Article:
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Opinion: Putting Lamar Jackson in special packages is a bad idea

The young quarterback should just focus on his primary position

NCAA Football: TaxSlayer Bowl-Louisville vs Mississippi State Melina Vastola-USA TODAY Sports

With the Baltimore Ravens trading two second-round picks to select quarterback Lamar Jackson, it leaves many wondering when exactly he will take over for current starter Joe Flacco. The truth is, we just don’t know. Worst case scenario is it happens this year due to the team struggling. Best case scenario is either 2019 or 2020, after the Ravens make the playoffs with Flacco and maybe getting something in return for him, or he just retires on a happy note. For now, however, the Ravens coaching staff seem to really want to get Jackson involved in the offense as soon as possible, which has led to of course the possibility of Jackson being involved in other packages on the offense.

Part of Baltimore’s offensive coaching staff consists of Marty Mornhinweg, James Urban, and Greg Roman. Both Mornhinweg and Urban worked with Michael Vick in Philadelphia, who is a quarterback some have compared Jackson to, while Roman worked with Colin Kaepernick and Tyrod Taylor. These quarterbacks have a similar skill set to the new Raven, and have been used in specific packages in the past before becoming starters. In Vick’s case, it was before he took over as the starter in 2010 for an injured Kevin Kolb after he signed with the Philadelphia Eagles in 2009. They can operate Jackson as a receiver, running back, or even quarterback, and to me, it’s not the right way to use him.

During rookie mini-camp, Mornhinweg stated that Flacco is the quarterback for 2018, which is something the staff has been adamant about. For Jackson though, the teams offensive coordinator said that Jackson's ability to potentiality play multiple positions was a “positive”. He also stated

“I certainly think he’s so talented that he could do a lot of different things, in athletics in general. He’s a talented, talented guy, but he’s a quarterback. Done. That’s sort of the way I viewed it.”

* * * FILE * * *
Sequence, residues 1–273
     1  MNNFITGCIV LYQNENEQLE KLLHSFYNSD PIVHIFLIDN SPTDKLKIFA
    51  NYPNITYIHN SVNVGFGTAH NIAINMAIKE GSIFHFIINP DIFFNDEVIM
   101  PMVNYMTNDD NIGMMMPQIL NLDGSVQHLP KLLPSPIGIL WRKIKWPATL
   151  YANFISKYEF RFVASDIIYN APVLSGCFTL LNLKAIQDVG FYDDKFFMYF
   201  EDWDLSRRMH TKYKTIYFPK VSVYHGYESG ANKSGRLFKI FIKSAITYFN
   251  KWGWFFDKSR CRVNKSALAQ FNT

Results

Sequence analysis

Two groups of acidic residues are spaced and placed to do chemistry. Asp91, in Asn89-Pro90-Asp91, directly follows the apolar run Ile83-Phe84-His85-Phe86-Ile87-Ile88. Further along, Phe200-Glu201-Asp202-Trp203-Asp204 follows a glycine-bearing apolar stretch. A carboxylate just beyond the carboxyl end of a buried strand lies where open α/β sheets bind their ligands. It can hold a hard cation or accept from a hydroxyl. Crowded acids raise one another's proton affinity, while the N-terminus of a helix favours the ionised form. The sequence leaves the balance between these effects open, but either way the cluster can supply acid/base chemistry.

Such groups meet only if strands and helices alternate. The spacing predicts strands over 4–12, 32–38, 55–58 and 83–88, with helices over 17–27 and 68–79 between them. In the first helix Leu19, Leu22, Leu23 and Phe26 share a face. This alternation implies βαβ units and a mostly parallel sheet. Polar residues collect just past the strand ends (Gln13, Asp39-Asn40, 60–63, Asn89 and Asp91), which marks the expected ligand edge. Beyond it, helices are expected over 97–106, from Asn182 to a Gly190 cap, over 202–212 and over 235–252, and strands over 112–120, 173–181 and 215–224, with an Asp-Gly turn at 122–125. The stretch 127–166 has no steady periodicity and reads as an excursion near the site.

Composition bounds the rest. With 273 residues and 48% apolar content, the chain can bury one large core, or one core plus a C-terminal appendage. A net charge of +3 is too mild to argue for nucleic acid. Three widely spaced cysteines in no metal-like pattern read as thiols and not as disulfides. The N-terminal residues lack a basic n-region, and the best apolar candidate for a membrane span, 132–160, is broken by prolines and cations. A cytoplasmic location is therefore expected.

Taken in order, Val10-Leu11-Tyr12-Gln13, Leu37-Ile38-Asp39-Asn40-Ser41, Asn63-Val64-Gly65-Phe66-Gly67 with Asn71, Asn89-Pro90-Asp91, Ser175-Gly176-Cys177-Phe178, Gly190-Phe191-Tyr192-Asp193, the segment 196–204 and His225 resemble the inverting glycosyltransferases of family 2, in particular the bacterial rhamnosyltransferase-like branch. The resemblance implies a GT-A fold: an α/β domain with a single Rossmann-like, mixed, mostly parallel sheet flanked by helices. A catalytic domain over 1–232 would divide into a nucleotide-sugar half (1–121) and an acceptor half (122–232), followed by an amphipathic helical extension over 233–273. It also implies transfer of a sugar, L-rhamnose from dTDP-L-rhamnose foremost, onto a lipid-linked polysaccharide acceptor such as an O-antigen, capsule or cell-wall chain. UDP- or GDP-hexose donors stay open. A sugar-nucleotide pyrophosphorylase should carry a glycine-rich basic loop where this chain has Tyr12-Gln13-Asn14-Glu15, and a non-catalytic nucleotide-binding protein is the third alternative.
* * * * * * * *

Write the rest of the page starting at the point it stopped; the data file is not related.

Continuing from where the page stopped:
There was some talk of Jackson not playing quarterback before the draft, but that was shot down immediately by himself and his camp. If Baltimore does use Jackson in a wildcat style offense similar to Kordell Stewart with the Pittsburgh Steelers or even Tim Tebow with the Denver Broncos before they took over as the starting quarterback, they are playing with fire. On the field, not many teams are fooled anymore by this type of offense, and while you might see Jackson rush for a big gain or catch a pass from Flacco here and there, more often than not the play will result in a loss or potentially even kill a drive. That’s something the Ravens offense doesn’t need entering 2018.

Mind games also play a factor. Jackson has stated that he is a quarterback, and wants to be used as such. With him being the future, do the Ravens really want to mess with his head so early on by focusing on positions not the one he was drafted to play? It could also mentally hurt Flacco in what is a very critical season for him. The New York Jets tried this in 2012 with Mark Sanchez and Tim Tebow, resulting in an unmitigated disaster that benefited nobody.

Another thing, and this might be the most important one of all and something the Ravens have been dealing with far too often over the last several years, is injuries. With Jackson lining up as a receiver or a running back, you are leaving what you hope to be your future franchise quarterback out to take shots from NFL defensive players. Any type of injury, whether it’s to the leg or worst of all his throwing shoulder, could linger with Jackson as the years go on. Him having any kind of surgery would be devastating. Baltimore should not want to see a guy they spent two second-round picks to trade up and grab him laying on the field with an injury that will hurt his future. Especially when he never should be in that position in the first place.

For the Ravens, it’s best to just leave Jackson as a quarterback and let him focus on learning the position, and that position only. Let him sit and learn under the coaching staff and Flacco so when he does take over, he will be ready to go. It maybe exciting for a lot of fans to see him on the field in some capacity by being involved in gadget plays, but for his sake and what’s good for the franchise, it’s best to just leave him alone. Like Mornhinweg said, “He’s a quarterback. Done.”